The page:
M. Night Shyamalan’s Apocalypse Thriller Stumbles


A captive family must make a terrible choice or doom humanity in Knock at the Cabin. Starring Dave Bautista, Ben Aldridge, and Jonathan Groff.

The end of the world is nigh, but can be prevented by a brutal choice. M. Night Shyamalan brings the apocalypse to a terrified family’s doorstep with Knock at the Cabin. Based on the novel by Paul G. Tremblay, a home invasion takes an ominous turn with the future of humanity at stake. If only the twisted premise paid off beyond absurd contrivances with the use of a homosexual couple and their adopted Asian daughter as props. No surprises are offered after a taut open. A predictable narrative plays out as expected in a film that stumbles.

The Hulking Leonard

Knock at the Cabin featured
Universal Pictures

Young Wen (Kristen Cui) collects grasshoppers in the woods near her parent’s secluded Pennsylvania vacation cabin. She’s frightened when the hulking Leonard (Dave Bautista) appears seemingly out of the blue. A wary Wen warns that she shouldn’t talk to strangers. Leonard agrees to be her friend but apologizes sincerely for what’s to come. Other figures emerge carrying medieval weapons. Wen races inside and locks the front door.


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Andrew (Ben Aldridge) and Eric (Jonathan Groff) wonder what’s all the commotion. A breathless Wen warns that people are coming for them. Her fathers’ skepticism turns to concern when Leonard knocks. Andrew can’t believe what he’s seeing outside their window. They grab Wen and try to barricade every entrance. It’s a futile ploy when glass can be easily shattered.

Choose to Kill

Knock at the Cabin
Universal Pictures

The family huddles in fear as they are restrained. The four nervous captors introduce themselves. Sabrina (Nikki Amuka-Bird) is a trauma nurse that spent all of her savings to be there. Ardiane (Abby Quinn) cooks as a line chef in a restaurant. She also has a young child. The erratic Redmond (Rupert Grint) works at a gas utility. Leonard teaches the second grade. The disparate quartet have dire purpose. Mankind will be destroyed unless the captives choose to kill one of their own.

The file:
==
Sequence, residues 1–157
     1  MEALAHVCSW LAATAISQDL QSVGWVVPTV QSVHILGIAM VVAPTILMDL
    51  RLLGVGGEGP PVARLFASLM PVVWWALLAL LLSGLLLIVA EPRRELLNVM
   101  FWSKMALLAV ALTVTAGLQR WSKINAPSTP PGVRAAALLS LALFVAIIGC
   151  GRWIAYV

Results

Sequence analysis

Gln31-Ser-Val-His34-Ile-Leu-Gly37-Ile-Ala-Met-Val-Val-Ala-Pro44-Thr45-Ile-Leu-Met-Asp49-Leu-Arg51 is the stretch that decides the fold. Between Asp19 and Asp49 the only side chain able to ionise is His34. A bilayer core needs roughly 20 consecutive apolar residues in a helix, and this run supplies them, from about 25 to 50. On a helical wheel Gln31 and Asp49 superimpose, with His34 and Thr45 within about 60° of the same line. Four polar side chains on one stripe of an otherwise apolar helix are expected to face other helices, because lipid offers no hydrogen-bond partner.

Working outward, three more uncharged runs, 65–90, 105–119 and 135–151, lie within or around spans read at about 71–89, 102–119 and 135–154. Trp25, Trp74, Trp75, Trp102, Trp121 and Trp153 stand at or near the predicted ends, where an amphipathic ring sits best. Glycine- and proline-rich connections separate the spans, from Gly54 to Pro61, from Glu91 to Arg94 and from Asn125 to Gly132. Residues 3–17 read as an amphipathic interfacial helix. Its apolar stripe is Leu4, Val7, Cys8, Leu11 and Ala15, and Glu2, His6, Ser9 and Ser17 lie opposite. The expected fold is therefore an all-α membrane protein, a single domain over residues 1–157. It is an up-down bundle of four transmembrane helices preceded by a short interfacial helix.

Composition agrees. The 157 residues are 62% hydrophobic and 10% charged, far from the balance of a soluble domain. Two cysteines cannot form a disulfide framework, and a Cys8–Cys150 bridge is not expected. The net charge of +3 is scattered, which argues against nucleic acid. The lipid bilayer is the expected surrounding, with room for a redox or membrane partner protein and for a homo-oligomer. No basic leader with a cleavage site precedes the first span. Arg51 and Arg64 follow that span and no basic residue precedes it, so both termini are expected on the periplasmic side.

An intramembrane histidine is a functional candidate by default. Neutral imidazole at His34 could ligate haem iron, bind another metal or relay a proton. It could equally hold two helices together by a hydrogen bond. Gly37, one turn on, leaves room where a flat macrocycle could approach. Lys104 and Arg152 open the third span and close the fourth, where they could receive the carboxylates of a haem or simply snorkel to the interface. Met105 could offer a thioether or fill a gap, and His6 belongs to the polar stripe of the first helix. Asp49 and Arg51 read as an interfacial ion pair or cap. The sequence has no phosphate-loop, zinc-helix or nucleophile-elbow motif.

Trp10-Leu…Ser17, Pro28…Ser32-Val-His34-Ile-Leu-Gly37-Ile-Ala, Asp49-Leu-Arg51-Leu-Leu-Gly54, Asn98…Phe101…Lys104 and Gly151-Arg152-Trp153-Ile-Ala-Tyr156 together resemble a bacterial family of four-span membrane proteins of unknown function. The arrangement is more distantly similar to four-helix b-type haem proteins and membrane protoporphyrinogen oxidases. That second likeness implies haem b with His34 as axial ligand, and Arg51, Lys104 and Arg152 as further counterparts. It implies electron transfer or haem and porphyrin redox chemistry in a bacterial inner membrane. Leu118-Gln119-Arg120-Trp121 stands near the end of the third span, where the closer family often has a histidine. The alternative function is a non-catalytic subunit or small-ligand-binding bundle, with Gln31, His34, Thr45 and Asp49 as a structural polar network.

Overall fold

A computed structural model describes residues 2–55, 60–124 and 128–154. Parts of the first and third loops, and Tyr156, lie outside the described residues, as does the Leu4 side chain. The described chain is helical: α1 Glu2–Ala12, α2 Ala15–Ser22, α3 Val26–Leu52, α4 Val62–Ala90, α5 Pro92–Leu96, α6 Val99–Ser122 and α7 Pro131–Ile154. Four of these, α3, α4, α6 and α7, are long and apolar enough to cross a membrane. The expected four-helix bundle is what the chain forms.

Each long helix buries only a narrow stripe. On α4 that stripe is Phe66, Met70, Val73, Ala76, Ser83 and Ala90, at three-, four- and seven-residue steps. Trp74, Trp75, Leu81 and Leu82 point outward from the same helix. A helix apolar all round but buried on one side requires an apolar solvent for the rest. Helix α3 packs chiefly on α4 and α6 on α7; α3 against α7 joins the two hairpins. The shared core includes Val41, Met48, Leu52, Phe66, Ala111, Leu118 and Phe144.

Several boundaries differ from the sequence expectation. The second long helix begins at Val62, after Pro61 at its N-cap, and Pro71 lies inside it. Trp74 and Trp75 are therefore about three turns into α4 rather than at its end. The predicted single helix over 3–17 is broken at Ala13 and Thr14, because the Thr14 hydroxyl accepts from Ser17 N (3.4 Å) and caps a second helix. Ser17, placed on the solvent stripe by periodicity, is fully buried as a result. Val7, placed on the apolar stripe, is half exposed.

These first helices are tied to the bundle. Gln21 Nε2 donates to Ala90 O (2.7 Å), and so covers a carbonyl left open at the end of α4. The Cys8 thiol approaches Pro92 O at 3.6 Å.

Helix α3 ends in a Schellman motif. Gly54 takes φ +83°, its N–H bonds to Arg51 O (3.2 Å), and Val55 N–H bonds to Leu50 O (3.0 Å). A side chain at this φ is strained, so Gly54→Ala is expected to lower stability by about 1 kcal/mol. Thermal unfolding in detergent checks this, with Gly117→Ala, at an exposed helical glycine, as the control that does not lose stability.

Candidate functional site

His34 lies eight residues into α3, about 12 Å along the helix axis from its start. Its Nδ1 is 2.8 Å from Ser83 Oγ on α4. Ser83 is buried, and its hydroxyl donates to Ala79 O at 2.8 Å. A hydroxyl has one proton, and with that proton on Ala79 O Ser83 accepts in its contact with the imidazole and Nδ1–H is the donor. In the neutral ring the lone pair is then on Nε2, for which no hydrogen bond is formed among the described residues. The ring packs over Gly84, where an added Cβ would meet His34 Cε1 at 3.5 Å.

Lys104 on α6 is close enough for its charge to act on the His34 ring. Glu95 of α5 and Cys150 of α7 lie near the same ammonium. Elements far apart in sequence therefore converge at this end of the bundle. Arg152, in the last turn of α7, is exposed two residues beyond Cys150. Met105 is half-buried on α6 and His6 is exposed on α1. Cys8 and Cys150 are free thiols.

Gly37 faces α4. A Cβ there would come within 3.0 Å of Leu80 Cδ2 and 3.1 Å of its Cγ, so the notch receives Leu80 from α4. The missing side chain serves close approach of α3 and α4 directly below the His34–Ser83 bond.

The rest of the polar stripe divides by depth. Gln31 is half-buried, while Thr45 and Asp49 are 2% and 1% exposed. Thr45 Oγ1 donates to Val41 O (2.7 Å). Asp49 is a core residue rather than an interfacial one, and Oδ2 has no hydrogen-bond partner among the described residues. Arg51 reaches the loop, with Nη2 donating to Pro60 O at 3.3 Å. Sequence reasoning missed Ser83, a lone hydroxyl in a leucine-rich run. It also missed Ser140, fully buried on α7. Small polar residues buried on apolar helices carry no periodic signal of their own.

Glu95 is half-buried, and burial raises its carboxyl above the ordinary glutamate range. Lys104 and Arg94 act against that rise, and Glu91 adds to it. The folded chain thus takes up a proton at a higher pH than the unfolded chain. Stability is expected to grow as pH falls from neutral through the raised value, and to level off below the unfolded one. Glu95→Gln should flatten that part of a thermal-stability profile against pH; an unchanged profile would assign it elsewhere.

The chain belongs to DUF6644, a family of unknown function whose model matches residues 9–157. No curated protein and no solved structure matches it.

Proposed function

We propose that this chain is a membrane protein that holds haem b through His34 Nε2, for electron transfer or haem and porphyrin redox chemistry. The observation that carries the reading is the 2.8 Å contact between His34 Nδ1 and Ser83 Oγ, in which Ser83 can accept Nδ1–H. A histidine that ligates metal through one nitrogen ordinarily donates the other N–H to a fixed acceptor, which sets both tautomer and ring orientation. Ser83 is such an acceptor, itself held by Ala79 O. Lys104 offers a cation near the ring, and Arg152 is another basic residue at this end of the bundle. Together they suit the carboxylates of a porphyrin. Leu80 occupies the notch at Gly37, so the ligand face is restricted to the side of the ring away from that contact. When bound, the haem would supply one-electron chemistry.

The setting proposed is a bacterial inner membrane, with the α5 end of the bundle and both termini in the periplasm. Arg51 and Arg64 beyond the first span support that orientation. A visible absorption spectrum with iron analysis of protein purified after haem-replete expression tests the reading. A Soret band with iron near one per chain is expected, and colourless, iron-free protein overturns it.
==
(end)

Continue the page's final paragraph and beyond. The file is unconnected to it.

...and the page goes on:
Shyamalan (The Sixth Sense, Old) initially succeeds in establishing a fraught atmosphere. Imagine being tied up by prophecy-spewing doomsayers with your precious daughter as a hostage. Andrew and Eric have a palpable fear for her safety. This changes when it becomes clear that the prisoners cannot be harmed. The hook is that their decision not to kill triggers a catastrophic event worldwide. Are they willing to accept personal sacrifice or let everyone else die horribly? Leonard only has to fire up the television for them to see disaster unfold as proof.

The End of Days

Knock at the Cabin flashes back to the couple’s decision to adopt a baby. The subjugation and discrimination they face doesn’t dissuade their embrace of family. Parents always want the best for their children. If you follow that to a logical conclusion, trying to raise Wen in a desolate hellscape with no other people would never be a viable option. You can’t send the kid to school if it’s burnt to a crisp. The obvious outcome deflates tension like a balloon.

Willing suspension of disbelief can only go so far. The biblical end of days makes more sense than some of the action in this film. Several scenes strain credulity to the breaking point. Shyamalan uncharacteristically drops zero bombshells. Additional elements were needed to stoke intrigue.

Knock at the Cabin is a production of Blinding Edge Pictures, FilmNation Entertainment, and Wishmore Entertainment. It will be released theatrically on February 3rd from Universal Pictures.

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